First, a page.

Wednesday, June 10, 2009

River of Light

The book is a treasure:
Home Tonight~Further Reflections on the Parable of the Prodigal Son
By Henri J.M. Nouwen
(A guide to Finding Your Spiritual Home)

Some books, you hold them in your hands and you just know that you and that book are going to be intimately acquainted. When I found this one, wrapped in tissue for my birthday last week, a gift from my friend Irene, I was so excited.
The book cover is a warm orange, fading to gold in the centre, and the pages are thick and irregularly cut. It feels good in the hand. Inside the front cover flap, is a small reproduction of the Rembrandt painting, The Return of the Prodigal Son.

I have loved the heart of Henri Nouwen ever since I first began to read anything of his that I could lay my hands on, many years ago. I love his vulnerability and honesty; his willingness to just be real. His courage in doing so has dared me to be open about my weakness, and taught me that vulnerability brings freedom, and usefulness to God.

This morning, although the day plucked at me insistently and urgently, I resisted its sticky fingers and stole away to my arm chair with Henri. First I prayed, trying hard to ignore the jumpy nerves that urged me to rise and be "doing." I pinned myself to the chair like a butterfly to a display board--willing myself to be immobile. How hard that can be!

I read a little and slowly. "Look at the picture," said Henri, and "Journal what you see in the light and the dark." Well, he didn't say it quite so abruptly you know, but if you want to hear from him directly, you will have to read the book.

At first I thought, "Journal? No, I will just read a little." But something (or Someone) nudged me, "Don't miss the gift in writing what you see." So, I slowed myself down a few degrees further, and picked up my pen. I looked at the picture and let it speak to me. These are the simple thoughts that came, calming my racing brain as they did:

The light in the picture falls like a river from above, illuminating the father and the son in an image of grace and love being given and received.

The one who wears rich robes of status and wealth, bends to embrace the kneeling one in tatters and rags.

Clean hands touch filth, in gentleness and acceptance.

The head of the kneeling figure, rests upon the chest of the father, as if listening to his heartbeat.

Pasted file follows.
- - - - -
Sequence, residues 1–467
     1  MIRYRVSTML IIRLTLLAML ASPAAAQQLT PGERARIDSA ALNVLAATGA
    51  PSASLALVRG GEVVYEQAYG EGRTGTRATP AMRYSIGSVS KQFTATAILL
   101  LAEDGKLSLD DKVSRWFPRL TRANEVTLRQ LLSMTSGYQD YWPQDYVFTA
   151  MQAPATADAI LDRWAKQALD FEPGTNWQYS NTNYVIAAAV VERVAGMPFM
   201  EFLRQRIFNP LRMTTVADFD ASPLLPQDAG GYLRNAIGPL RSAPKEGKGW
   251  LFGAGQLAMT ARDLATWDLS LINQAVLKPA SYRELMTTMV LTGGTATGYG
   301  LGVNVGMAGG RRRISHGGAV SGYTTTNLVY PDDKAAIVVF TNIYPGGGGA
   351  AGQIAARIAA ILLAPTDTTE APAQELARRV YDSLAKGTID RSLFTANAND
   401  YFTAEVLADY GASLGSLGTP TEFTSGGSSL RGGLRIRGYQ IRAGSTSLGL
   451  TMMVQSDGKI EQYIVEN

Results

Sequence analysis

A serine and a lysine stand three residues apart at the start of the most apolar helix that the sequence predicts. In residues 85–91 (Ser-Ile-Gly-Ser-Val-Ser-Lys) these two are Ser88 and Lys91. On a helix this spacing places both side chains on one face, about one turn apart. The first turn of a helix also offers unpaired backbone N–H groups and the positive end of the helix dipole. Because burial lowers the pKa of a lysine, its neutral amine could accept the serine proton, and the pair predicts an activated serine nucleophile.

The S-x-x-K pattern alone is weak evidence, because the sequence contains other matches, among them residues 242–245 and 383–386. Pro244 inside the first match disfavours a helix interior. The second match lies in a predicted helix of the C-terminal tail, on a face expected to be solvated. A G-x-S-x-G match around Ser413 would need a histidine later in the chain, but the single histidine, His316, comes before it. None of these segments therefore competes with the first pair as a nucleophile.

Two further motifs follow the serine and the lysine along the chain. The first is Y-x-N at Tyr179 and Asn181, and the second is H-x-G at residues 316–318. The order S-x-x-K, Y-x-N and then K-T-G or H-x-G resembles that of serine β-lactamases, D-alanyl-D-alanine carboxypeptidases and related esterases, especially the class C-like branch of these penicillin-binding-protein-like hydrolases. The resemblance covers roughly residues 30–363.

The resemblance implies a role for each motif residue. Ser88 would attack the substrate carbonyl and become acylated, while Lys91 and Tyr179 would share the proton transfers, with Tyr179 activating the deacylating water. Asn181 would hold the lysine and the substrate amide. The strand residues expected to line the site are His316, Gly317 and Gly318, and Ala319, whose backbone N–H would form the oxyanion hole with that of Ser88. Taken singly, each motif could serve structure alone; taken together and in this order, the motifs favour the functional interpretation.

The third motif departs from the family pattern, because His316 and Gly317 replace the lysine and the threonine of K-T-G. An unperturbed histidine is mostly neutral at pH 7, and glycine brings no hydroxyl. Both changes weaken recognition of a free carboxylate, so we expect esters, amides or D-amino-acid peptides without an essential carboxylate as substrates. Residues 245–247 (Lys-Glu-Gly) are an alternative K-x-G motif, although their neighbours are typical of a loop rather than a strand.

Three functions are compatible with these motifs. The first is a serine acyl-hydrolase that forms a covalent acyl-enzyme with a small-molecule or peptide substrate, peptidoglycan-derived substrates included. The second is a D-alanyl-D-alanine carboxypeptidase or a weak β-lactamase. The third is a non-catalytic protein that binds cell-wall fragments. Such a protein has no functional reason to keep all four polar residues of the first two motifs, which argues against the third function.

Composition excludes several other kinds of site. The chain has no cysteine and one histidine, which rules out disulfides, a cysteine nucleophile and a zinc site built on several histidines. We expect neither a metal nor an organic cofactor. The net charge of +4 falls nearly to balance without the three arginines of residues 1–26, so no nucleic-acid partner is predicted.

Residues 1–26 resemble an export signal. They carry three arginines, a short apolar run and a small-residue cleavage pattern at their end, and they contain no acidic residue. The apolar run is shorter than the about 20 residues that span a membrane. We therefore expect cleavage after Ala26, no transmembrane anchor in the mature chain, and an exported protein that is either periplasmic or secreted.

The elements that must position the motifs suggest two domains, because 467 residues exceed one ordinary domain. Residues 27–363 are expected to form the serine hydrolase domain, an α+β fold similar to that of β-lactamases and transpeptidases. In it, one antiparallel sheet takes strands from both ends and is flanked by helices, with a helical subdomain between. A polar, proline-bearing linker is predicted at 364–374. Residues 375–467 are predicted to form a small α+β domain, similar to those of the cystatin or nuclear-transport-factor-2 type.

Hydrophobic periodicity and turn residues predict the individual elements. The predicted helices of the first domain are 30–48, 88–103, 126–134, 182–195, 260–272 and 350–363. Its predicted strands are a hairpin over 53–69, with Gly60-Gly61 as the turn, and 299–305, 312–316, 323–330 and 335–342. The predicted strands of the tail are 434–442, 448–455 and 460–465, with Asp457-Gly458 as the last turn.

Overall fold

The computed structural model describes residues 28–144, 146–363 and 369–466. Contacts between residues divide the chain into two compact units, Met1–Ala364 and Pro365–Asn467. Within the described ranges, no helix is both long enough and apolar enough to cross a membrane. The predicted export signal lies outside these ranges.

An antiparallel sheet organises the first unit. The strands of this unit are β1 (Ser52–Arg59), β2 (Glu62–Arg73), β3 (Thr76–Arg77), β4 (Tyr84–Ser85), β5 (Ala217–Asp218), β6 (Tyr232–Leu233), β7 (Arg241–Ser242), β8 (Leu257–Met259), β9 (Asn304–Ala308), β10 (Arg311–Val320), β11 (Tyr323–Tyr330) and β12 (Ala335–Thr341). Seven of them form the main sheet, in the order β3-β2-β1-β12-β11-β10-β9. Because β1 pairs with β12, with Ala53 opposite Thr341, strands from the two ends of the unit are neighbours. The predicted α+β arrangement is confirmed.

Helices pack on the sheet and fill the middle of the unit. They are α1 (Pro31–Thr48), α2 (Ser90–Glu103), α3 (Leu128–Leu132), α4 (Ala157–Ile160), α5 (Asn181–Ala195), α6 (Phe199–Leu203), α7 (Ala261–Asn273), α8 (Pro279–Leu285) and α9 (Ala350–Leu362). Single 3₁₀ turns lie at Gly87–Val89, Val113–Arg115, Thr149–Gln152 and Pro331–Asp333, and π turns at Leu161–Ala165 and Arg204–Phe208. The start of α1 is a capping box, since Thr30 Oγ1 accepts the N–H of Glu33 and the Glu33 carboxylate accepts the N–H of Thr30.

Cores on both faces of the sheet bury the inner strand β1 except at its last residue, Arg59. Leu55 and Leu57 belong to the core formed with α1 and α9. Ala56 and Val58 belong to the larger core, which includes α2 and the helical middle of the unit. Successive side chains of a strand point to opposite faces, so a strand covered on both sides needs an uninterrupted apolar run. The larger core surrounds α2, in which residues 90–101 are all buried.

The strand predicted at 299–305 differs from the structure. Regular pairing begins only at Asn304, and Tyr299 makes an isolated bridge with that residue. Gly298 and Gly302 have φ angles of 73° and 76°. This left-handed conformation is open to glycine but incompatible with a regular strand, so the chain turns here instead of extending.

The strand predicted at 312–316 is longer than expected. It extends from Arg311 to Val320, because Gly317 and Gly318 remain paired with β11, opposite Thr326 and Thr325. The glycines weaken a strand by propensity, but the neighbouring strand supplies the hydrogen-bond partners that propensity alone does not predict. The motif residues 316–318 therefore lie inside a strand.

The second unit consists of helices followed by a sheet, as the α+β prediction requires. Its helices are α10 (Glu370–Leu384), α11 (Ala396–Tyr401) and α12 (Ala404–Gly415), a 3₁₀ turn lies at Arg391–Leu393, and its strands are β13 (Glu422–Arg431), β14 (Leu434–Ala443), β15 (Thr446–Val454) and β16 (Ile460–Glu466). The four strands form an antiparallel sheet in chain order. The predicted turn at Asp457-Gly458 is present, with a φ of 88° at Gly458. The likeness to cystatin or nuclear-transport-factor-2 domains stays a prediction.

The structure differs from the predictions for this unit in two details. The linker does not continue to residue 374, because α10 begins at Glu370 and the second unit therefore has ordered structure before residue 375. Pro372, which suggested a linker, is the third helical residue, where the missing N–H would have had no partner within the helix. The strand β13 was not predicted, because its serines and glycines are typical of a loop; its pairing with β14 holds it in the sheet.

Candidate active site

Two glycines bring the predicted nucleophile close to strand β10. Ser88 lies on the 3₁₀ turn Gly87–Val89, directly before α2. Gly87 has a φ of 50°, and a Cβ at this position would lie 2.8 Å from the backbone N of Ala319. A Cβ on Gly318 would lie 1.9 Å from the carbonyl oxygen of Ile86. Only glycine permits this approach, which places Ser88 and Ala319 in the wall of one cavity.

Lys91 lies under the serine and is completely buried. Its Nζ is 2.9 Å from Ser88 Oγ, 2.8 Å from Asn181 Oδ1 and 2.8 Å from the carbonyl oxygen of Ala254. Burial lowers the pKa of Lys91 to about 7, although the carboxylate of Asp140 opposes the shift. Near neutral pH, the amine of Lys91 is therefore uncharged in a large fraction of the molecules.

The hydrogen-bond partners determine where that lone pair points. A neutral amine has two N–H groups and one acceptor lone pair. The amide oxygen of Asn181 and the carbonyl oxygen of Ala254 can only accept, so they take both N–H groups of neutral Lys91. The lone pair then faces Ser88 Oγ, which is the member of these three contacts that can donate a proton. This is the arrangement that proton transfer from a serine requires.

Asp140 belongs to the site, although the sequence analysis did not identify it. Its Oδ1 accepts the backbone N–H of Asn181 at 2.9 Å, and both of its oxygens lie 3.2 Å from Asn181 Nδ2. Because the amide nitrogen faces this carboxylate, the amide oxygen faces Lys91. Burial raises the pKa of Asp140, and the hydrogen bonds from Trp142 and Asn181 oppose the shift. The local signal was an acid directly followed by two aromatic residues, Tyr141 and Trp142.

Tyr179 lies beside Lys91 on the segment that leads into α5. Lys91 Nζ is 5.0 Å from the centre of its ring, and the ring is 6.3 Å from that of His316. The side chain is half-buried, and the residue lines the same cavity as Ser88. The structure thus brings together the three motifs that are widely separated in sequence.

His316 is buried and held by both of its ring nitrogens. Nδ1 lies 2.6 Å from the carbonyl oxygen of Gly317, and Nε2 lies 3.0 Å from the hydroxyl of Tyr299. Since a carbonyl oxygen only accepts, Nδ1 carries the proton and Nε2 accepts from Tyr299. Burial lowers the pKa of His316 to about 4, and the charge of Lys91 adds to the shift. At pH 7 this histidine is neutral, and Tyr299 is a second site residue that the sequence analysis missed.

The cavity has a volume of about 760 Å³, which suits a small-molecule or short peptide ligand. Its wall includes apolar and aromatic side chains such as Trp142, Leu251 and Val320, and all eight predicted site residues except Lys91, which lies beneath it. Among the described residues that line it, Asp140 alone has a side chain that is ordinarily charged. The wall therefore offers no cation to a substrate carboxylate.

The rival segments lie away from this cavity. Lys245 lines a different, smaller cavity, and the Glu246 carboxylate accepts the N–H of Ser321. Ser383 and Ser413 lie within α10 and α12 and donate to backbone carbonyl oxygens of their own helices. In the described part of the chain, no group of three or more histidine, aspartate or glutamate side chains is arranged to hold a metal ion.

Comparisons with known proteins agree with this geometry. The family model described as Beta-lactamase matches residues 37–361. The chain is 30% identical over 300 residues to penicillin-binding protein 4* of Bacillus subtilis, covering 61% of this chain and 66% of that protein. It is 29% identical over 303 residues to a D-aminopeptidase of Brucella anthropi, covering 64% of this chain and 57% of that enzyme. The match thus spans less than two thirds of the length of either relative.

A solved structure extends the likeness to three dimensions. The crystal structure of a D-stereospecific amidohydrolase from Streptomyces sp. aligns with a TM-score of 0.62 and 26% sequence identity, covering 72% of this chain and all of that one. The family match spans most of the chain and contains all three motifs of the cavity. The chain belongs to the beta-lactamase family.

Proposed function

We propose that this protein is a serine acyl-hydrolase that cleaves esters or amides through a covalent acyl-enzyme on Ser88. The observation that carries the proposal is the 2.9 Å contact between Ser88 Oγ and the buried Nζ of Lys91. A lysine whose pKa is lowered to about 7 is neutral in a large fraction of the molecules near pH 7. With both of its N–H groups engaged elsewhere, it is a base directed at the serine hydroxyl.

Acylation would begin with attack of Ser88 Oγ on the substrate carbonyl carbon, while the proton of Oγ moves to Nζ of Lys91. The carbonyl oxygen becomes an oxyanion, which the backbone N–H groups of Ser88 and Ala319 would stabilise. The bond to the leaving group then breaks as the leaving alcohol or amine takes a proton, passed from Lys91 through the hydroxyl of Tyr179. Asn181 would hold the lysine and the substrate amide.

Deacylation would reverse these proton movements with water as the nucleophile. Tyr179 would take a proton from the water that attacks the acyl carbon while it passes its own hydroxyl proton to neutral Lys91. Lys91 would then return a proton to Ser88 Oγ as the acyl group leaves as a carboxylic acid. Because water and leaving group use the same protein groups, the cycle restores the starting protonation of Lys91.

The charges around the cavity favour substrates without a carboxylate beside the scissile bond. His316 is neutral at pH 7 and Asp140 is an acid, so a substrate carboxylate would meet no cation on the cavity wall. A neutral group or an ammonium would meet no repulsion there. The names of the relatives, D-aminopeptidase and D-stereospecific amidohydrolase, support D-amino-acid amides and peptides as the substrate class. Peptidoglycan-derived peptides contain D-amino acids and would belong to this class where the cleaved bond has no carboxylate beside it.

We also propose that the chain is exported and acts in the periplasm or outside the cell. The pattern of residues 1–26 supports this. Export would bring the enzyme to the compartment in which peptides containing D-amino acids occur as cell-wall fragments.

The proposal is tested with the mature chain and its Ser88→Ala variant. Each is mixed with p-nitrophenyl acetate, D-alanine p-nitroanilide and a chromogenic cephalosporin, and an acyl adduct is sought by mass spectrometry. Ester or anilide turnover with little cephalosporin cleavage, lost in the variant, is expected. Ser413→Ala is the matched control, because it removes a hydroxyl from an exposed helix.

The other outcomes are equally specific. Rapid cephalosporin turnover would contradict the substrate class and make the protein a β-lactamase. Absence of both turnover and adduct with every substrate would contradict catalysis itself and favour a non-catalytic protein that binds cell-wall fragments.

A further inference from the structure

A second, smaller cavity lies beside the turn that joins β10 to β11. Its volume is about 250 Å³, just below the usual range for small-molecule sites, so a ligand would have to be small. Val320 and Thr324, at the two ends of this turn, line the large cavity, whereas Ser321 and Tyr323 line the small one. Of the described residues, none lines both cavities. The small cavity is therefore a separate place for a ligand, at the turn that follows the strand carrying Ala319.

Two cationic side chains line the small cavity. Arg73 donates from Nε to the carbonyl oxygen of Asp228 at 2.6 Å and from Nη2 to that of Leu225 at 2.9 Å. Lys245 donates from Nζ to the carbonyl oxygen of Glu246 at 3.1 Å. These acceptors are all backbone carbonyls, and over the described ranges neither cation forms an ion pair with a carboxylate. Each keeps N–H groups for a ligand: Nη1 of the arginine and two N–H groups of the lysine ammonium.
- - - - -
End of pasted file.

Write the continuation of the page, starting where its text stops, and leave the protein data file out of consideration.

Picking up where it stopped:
Shadows and darkness surround the figures, holding hints of half hidden forms. But father and son are lost in this moment of time, completely aware, only of each other.

Later in the day at a team meeting, I shared the picture and read the scripture passage containing the story: Luke 15:11-32. I asked my team mates to share their reflections. Thoughts were shared. Some were familiar with the painting and one pointed out that one of the father's hands is feminine, the other masculine. In those brief moments at the start of the meeting, the painting was a catalyst for the Holy Spirit. May it be so for you, dear readers.
Luke 15:25-32 (New Living Translation)
25 “Meanwhile, the older son was in the fields working. When he returned home, he heard music and dancing in the house, 26 and he asked one of the servants what was going on. 27 ‘Your brother is back,’ he was told, ‘and your father has killed the fattened calf. We are celebrating because of his safe return.’
28 “The older brother was angry and wouldn’t go in. His father came out and begged him, 29 but he replied, ‘All these years I’ve slaved for you and never once refused to do a single thing you told me to. And in all that time you never gave me even one young goat for a feast with my friends. 30 Yet when this son of yours comes back after squandering your money on prostitutes, you celebrate by killing the fattened calf!’
31 “His father said to him, ‘Look, dear son, you have always stayed by me, and everything I have is yours. 32 We had to celebrate this happy day. For your brother was dead and has come back to life! He was lost, but now he is found!’”

4 comments:

Deidra said...

I am always so thankfully humbled when I am welcomed back by the Father. Thank you for sharing this.

Belinda said...

Me too, Deidra. I am grateful that our God has ever open arms.

Brenda said...

My therapist recommended that I read the book and I LOVED it. As she escorted me out of her home that day she pointed me in the direction of the living room where a large reproduction of the painting hung. We gazed on it together for a long time.....then she pointed out the hands......

Amen said...

The father's love makes it so easy for me to forgive others; because I know I don't deserve His love. The father's love is my heart's blanket. It keeps my mind safe when people and life get confusing.
In His arms I am safe, I find my worth and I'am hopeful for a better, brighter tomorrow. Thank you Father for your love. Thanks for sharing Belinda, lovely post.